Staying Over Typically when babysitting overnight, or babysitting over several nights, you’ll negotiate a different pay scale than for daily hours. (Most people agree you wouldn’t pay someone as much when they are sleeping as when they are babysitting). However, you're still in someone else's home and bed, and depending on the ages of the children and whether they even sleep through the night, your sleeping hours may be far less restful than if you were at home. Plus, you're still on duty. Typical prices for babysitting overnight in a bigger city may be anywhere from $50 - $75 per night, plus $100 for the day.
Scenario 1: You get to the house at 7:00 p.m., spend the night, take the children to school the next day and then you're finished. The parents should pay $75 - $100. (Several hours of being awake/ cooking/ driving, plus spending the night there).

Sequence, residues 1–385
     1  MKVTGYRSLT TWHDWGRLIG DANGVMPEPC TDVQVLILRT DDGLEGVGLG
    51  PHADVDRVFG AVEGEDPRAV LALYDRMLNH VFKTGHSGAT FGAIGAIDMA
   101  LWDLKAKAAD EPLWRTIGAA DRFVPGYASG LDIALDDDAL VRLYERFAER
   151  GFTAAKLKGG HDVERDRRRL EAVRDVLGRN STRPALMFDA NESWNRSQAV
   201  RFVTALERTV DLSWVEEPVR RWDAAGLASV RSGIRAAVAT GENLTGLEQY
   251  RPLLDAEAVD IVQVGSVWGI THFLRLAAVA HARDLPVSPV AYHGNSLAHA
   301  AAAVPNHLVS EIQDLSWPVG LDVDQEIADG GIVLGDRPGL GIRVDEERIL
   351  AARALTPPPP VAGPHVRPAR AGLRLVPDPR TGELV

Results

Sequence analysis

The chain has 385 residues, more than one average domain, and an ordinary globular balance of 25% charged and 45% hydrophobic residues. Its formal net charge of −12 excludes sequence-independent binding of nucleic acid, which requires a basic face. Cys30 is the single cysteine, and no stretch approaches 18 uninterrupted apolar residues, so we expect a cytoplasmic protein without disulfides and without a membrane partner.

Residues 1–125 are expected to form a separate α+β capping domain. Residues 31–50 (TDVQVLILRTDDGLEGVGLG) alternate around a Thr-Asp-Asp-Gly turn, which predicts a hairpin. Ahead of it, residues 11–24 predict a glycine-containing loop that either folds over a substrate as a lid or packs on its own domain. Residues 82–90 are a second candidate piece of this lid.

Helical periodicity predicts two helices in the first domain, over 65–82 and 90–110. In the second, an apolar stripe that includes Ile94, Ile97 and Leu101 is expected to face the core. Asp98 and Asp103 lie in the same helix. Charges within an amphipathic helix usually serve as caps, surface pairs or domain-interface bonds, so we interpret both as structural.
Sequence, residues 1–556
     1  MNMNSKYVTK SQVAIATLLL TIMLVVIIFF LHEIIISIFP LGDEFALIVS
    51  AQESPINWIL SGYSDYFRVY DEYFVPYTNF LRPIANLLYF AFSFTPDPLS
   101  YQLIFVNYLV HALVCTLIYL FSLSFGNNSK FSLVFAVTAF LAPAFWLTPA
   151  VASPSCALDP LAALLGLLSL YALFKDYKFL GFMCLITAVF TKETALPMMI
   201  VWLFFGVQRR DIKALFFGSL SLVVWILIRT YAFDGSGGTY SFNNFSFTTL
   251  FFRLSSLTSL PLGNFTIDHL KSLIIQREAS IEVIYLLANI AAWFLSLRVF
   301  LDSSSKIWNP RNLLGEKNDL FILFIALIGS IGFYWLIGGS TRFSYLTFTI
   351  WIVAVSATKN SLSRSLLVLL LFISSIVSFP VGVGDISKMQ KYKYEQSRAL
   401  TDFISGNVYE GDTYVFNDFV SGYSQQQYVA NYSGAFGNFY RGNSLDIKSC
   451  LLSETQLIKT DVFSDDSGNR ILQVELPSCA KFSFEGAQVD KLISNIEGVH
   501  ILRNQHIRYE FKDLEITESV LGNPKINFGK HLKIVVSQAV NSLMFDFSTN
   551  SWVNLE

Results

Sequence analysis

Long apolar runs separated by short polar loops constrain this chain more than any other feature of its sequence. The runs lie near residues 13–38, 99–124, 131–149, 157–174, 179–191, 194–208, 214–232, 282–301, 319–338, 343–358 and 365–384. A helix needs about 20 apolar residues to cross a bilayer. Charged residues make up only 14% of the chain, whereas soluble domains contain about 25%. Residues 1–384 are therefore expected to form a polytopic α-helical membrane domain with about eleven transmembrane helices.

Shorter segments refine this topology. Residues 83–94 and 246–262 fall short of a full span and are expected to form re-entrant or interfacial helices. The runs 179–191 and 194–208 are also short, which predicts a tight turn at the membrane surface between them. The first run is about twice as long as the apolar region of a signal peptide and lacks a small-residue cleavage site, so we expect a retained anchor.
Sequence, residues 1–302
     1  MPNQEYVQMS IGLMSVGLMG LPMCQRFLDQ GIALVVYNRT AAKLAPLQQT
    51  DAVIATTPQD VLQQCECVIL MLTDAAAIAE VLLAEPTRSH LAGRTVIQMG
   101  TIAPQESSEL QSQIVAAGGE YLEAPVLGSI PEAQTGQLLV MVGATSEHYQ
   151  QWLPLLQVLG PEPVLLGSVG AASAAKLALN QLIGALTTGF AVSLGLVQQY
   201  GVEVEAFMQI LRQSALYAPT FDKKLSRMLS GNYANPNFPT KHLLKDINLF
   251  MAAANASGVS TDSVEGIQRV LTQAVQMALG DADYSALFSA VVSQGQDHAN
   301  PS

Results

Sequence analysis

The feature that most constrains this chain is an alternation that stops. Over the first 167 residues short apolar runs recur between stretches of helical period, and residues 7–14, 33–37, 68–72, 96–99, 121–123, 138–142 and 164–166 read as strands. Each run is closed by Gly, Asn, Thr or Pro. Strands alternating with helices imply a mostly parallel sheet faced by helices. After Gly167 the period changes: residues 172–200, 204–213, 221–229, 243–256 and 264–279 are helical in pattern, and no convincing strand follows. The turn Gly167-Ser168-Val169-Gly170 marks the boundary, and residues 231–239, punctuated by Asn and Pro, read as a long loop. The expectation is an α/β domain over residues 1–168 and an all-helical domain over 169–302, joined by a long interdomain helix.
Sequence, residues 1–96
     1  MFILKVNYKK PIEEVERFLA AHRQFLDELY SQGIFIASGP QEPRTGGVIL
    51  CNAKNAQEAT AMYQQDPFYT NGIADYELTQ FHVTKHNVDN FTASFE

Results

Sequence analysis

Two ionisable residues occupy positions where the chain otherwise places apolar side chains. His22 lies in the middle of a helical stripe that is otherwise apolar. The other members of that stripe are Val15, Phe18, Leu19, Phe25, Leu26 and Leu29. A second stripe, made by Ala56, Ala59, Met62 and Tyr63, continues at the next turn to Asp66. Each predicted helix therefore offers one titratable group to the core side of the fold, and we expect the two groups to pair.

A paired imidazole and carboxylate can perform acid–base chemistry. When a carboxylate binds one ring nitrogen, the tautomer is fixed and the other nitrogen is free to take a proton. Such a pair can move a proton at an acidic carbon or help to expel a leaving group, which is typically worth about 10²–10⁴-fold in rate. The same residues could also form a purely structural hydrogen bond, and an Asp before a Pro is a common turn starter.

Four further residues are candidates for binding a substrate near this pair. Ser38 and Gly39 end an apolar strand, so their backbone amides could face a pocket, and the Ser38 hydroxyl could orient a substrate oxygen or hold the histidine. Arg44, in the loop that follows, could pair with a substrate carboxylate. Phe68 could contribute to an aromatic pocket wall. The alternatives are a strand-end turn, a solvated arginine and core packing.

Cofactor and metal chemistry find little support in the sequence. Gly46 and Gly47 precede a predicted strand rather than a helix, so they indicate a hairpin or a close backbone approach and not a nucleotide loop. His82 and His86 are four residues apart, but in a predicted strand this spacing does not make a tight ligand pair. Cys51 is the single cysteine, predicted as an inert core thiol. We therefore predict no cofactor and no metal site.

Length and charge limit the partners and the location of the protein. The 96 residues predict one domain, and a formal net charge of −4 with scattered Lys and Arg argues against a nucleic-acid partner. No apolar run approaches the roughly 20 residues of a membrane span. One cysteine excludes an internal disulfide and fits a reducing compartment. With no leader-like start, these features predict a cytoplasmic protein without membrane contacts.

Scenario 2: You come on a Thursday afternoon and don’t leave until the following Monday afternoon. You’ve spent 4 days and 3 nights. You should make $500 - $700, depending on the prices you negotiate for “nights” and “days.”
*From 7:00 a.m. - 7:00 p.m. is 12 hours. If you normally charge $10 an hour, that’s already $120.00 for the daytime. Charging $100 for the “day” and $50 for the “night” (when you are sleeping) is not too much.
One idea is to charge what you'd normally charge for the day hours, and half of that when you are sleeping over. So if you get up at 7:00 to start taking care of the children and don't go to bed until 11:00, charge your normal rate. The hours that you are in bed and the children are in bed, charge half that amount. That works out well for the sitter and the parents/care givers. Check out this forum to see some people's opinions on what to pay an overnight sitter. You may find good arguments backing what you'll charge.
As always, not talking about your rate for babysitting overnight leaves it up to the parents to calculate. Some may never have thought about what it costs to have someone spend the night, and others may be paying the same they've been paying the past ten years. It's smart to have a conversation about what you charge before the caregiver is writing you a check.